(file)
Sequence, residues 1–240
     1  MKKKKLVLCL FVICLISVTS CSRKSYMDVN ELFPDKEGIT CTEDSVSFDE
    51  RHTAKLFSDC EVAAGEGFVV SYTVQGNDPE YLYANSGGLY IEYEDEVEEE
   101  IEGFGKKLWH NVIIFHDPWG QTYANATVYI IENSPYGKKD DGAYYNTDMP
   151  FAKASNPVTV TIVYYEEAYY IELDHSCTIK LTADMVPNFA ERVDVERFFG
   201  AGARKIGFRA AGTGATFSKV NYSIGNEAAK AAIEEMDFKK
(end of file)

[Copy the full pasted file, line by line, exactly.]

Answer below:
Sequence, residues 1–240
     1  MKKKKLVLCL FVICLISVTS CSRKSYMDVN ELFPDKEGIT CTEDSVSFDE
    51  RHTAKLFSDC EVAAGEGFVV SYTVQGNDPE YLYANSGGLY IEYEDEVEEE
   101  IEGFGKKLWH NVIIFHDPWG QTYANATVYI IENSPYGKKD DGAYYNTDMP
   151  FAKASNPVTV TIVYYEEAYY IELDHSCTIK LTADMVPNFA ERVDVERFFG
   201  AGARKIGFRA AGTGATFSKV NYSIGNEAAK AAIEEMDFKK